When examining the origins of early Christian art — and the later appearance of icons as venerated images — we must be careful to make precisely that distinction:  between the image used as symbol and/or narrative illustration, and the image used as venerated icon. As I have pointed out in previous postings, Christian icons developed on the fringes where Christianity met non-Christian polytheism, and the former, over time, increasingly borrowed the venerated image from the latter and adopted it into Christian usage.  The use of venerated icons in Christianity was never without controversy, and it took many centuries before icons were officially accepted in the church, and before a theology was created to excuse them.

But what of Christian art before the venerated icon?  It consisted largely of symbols and of narrative images.  That is what we find in the earlier Christian catacombs.

We find symbolic Christian art clearly presented in the Paedagogus (Teacher/Instructor) of Clement of Alexandria (c. 150-215), Book III.  He is speaking of seal rings, those bearing an engraved seal.  These were an essential part of daily life in the Greco-Roman world, and Christians needed them as well.  “Pagans” could use all kinds of images, from real people to figures from mythology, etc.  But Clement of Alexandria cautioned Christians that they must be careful in selecting their seal images:

And let our seals be either a dove, or a fish, or a ship scudding before the wind, or a musical lyre, which Polycrates [tyrant of Samos mentioned in Herodotus] used, or a ship’s anchor, which Seleucus got engraved as a device [Seleucus Nicator, founder of the Seleucid Dynasty; the anchor symbol was said to have been given by the god Apollo to Seleucus’ mother in a dream]; and if there be one fishing, he will remember the apostle, and the children drawn out of the water. For we are not to delineate the faces of idols, we who are prohibited to cleave to them; nor a sword, nor a bow, following as we do, peace; nor drinking-cups, being temperate.  Many of the licentious have their lovers engraved, or their mistresses, as if they wished to make it impossible ever to forget their amatory indulgences, by being perpetually put in mind of their licentiousness.”

The subjects mentioned by Clement were extremely common on the everyday seal market as used by polytheists, but can generally (as he suggests) be given a Christian interpretation.   Note that he forbids images of “idols,” which to him meant any of the deities of the polytheists.  Note also that he does not suggest any images of Jesus or of saints that would have had to be specially made — though he permits generic images that may call such to mind — for example a fisherman, which could remind a Christian both of Peter the Apostle and fisherman, and of baptism.  But the fisherman here is a symbol, not an iconic representation of Peter.

We find many symbolic and narrative images in the early Roman catacombs, and in fact that is what the first Christian art was — symbolic or narrative, or a combination of both — not the venerated icons that came later.  That is not surprising, given that narrative images were already to be found here and there in Jewish art of the 3rd century — itself subject to, and the result of, Hellenistic Greek influence.  In fact the representational use of  art as found on the 3rd century Dura Europos synagogue walls  is characteristic of other religions (polytheistic) of the time, and borrowed by Jews for their own purposes.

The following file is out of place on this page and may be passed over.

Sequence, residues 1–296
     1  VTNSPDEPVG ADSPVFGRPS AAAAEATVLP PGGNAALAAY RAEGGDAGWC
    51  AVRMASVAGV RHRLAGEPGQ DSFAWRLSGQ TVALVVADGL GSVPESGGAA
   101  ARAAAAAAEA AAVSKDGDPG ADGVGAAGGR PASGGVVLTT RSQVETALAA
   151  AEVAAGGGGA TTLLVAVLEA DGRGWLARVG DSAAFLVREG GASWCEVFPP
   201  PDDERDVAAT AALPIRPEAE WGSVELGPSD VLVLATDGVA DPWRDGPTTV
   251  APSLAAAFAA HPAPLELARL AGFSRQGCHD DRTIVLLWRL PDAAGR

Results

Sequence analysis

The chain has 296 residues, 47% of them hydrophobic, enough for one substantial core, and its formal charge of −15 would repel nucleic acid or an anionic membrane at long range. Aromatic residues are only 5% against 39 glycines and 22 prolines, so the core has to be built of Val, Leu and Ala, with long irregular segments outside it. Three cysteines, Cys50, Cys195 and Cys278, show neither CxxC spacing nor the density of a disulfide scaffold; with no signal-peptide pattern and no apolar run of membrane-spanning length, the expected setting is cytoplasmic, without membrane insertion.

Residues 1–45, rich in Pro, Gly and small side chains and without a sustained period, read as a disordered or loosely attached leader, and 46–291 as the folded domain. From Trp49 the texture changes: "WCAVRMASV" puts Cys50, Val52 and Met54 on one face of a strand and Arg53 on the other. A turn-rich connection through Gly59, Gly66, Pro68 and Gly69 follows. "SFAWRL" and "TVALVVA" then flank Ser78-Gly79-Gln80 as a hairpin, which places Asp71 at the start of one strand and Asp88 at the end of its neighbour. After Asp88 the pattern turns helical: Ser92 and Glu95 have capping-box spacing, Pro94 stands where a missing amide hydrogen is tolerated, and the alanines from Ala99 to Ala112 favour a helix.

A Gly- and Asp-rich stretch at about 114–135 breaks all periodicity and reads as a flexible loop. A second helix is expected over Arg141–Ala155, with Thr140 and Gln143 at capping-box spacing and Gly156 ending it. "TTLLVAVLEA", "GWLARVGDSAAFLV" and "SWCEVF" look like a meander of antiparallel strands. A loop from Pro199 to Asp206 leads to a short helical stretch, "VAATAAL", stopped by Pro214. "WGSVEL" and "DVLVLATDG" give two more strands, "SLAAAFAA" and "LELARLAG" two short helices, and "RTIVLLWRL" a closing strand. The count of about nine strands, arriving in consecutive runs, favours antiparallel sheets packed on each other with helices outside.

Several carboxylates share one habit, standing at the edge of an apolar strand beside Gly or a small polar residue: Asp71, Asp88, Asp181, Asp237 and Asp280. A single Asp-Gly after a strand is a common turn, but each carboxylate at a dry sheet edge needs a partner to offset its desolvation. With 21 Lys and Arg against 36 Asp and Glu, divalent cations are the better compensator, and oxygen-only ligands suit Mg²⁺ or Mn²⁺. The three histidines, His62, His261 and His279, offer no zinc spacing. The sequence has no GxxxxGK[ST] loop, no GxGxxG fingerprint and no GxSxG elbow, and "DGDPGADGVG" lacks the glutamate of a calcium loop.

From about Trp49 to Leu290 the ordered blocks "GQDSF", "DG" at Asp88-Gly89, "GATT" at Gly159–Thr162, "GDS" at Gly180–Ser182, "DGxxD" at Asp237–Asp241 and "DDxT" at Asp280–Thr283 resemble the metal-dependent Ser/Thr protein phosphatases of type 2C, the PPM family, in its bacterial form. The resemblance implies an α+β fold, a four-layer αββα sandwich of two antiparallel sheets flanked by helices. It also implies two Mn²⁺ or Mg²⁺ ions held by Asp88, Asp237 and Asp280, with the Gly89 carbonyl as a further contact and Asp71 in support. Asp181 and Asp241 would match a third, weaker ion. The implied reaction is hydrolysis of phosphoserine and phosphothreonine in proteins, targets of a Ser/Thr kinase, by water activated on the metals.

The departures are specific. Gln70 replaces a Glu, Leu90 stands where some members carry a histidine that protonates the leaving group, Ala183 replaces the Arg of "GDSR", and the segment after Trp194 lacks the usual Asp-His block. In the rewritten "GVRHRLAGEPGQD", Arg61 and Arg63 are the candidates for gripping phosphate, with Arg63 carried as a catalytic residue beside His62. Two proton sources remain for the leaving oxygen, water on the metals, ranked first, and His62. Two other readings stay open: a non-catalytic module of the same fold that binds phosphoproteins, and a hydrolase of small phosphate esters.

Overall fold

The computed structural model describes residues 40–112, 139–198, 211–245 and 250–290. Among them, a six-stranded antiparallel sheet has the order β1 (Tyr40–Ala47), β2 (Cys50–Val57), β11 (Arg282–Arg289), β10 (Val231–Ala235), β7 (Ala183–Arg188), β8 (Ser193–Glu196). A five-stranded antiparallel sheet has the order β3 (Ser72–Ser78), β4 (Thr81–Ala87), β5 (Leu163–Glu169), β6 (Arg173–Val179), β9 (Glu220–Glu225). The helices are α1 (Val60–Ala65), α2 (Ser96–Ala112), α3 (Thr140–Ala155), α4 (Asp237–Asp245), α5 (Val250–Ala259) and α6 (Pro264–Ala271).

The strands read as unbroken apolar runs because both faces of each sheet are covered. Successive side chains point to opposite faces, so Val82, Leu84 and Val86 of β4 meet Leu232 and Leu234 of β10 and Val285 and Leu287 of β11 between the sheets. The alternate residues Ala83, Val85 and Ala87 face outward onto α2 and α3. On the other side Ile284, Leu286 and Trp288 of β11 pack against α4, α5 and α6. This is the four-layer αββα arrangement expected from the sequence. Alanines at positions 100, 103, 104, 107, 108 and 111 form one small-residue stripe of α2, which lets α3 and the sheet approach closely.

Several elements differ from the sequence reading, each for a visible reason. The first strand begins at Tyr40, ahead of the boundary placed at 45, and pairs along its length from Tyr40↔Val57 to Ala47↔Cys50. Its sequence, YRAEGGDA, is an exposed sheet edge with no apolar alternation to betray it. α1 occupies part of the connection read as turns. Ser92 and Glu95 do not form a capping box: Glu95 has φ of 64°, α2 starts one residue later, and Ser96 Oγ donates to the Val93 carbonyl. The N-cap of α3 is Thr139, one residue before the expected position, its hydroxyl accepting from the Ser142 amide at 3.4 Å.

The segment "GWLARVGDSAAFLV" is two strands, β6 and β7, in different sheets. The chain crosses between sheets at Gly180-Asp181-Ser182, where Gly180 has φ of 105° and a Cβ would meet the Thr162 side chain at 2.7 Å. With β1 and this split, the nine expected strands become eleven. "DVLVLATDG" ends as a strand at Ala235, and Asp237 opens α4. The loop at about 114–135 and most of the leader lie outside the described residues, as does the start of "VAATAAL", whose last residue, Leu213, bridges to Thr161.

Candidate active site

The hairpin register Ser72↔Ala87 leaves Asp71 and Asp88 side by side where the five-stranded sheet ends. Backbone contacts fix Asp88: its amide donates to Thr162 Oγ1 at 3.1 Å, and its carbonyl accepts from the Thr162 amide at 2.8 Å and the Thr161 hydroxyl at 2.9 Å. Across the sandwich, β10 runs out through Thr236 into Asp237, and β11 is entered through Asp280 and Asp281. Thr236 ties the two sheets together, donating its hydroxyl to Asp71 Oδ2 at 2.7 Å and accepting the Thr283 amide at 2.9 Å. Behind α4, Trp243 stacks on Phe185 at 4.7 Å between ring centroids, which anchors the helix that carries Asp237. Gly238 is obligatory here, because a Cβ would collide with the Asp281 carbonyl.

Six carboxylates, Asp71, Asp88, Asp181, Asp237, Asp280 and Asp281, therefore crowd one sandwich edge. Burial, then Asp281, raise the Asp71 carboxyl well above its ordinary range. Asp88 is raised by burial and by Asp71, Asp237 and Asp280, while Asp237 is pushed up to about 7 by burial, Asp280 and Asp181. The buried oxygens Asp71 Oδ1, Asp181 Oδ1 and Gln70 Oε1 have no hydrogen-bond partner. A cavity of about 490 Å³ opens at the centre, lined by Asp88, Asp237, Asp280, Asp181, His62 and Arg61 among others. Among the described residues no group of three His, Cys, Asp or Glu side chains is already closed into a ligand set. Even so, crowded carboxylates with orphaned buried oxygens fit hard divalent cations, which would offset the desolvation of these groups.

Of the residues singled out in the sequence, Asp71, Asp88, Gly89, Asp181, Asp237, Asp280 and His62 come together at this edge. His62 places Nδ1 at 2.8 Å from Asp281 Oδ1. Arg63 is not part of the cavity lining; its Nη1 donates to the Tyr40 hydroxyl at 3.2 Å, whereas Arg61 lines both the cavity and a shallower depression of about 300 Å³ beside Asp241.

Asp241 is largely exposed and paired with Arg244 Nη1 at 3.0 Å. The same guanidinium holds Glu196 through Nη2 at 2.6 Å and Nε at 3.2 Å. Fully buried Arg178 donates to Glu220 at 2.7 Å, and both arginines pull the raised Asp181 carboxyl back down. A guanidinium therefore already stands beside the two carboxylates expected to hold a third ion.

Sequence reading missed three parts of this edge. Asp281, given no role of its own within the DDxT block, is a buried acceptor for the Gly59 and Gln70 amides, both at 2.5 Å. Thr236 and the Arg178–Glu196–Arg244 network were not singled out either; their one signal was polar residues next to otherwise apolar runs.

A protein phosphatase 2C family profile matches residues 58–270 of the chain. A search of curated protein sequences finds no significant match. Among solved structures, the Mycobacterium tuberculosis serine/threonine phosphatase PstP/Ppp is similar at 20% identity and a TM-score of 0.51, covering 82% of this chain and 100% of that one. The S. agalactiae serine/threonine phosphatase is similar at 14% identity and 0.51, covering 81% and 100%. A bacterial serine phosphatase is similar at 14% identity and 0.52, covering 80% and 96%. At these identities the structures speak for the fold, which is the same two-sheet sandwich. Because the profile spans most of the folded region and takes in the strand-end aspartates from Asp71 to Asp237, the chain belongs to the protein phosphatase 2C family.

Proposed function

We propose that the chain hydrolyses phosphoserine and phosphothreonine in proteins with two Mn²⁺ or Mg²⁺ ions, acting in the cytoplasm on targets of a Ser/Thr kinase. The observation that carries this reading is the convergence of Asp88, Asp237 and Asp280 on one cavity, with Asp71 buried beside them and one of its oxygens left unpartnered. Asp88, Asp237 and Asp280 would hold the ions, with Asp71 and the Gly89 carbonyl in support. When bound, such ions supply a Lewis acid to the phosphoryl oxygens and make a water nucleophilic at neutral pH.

We see that syncretism, for example, in the western wall of the Synagogue at Dura Europos, which has a surprising depiction — Orpheus taming the animals with his music, borrowed directly from Greco-Roman mythology.  That shows us the extent to which Jews — and also, we shall see, Christians — borrowed motifs from “pagan” Hellenistic mythology and used them as symbols to refer to figures in their own religious traditions.  In the Dura synagogue, for example, the Orpheus figure is used to remind one of King David — a symbol, in other words, borrowed from the Hellenistic and polytheistic culture, and used much as Clement used a fisherman to call to mind both the apostle Peter and Christian baptism.

Hellenistic influence extended not merely to art, but also to Jewish and Christian theology.  Think, for example, of the allegorical biblical interpretations of the Hellenistic Jewish writer Philo of Alexandria (c. 30 b.c.e- 50 c.e.), and his discussion of the Logos, the emanation of the hidden God, which is very much the Logos (“In the beginning was the Word…” John 1:1) doctrine found in the Gospel called “of John”.  There are other examples from elsewhere of the Jewish use of the Orpheus image during this period.  We find Orpheus images used also in a Christian context in the Roman catacombs, as well as the image of the sun god Helios/Apollo, again used in a symbolic sense to call Jesus, the “sun of righteousness” to mind — another “polytheistic” image borrowed and given a Christian significance.  It is hardly necessary to mention yet another common image from polytheistic culture — the Kriophoros or ram-bearer, which was borrowed into the earliest Christian art to signify Jesus, the “Good Shepherd.”  One could add more Christian borrowings from the art of the polytheistic culture surrounding them that are found in the art of the early catacombs — and in the first Christian art in general.  In fact — because the same images may be found used both by polytheists and as Christian borrowings, context is important in distinguishing one from the other.